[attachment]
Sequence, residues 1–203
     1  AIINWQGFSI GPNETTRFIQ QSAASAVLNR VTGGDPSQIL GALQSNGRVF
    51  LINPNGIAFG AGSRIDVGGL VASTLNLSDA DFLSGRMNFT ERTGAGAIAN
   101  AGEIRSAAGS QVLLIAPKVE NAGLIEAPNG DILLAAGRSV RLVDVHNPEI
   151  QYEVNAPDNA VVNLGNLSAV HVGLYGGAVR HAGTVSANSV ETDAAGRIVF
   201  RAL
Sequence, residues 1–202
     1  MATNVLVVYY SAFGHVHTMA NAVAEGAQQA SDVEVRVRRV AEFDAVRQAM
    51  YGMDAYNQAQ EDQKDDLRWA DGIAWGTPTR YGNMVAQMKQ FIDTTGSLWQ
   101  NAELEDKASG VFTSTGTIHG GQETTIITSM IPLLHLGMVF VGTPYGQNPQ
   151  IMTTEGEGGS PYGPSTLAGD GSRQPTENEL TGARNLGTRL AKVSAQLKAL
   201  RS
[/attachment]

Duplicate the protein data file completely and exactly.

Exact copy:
Sequence, residues 1–203
     1  AIINWQGFSI GPNETTRFIQ QSAASAVLNR VTGGDPSQIL GALQSNGRVF
    51  LINPNGIAFG AGSRIDVGGL VASTLNLSDA DFLSGRMNFT ERTGAGAIAN
   101  AGEIRSAAGS QVLLIAPKVE NAGLIEAPNG DILLAAGRSV RLVDVHNPEI
   151  QYEVNAPDNA VVNLGNLSAV HVGLYGGAVR HAGTVSANSV ETDAAGRIVF
   201  RAL
Sequence, residues 1–202
     1  MATNVLVVYY SAFGHVHTMA NAVAEGAQQA SDVEVRVRRV AEFDAVRQAM
    51  YGMDAYNQAQ EDQKDDLRWA DGIAWGTPTR YGNMVAQMKQ FIDTTGSLWQ
   101  NAELEDKASG VFTSTGTIHG GQETTIITSM IPLLHLGMVF VGTPYGQNPQ
   151  IMTTEGEGGS PYGPSTLAGD GSRQPTENEL TGARNLGTRL AKVSAQLKAL
   201  RS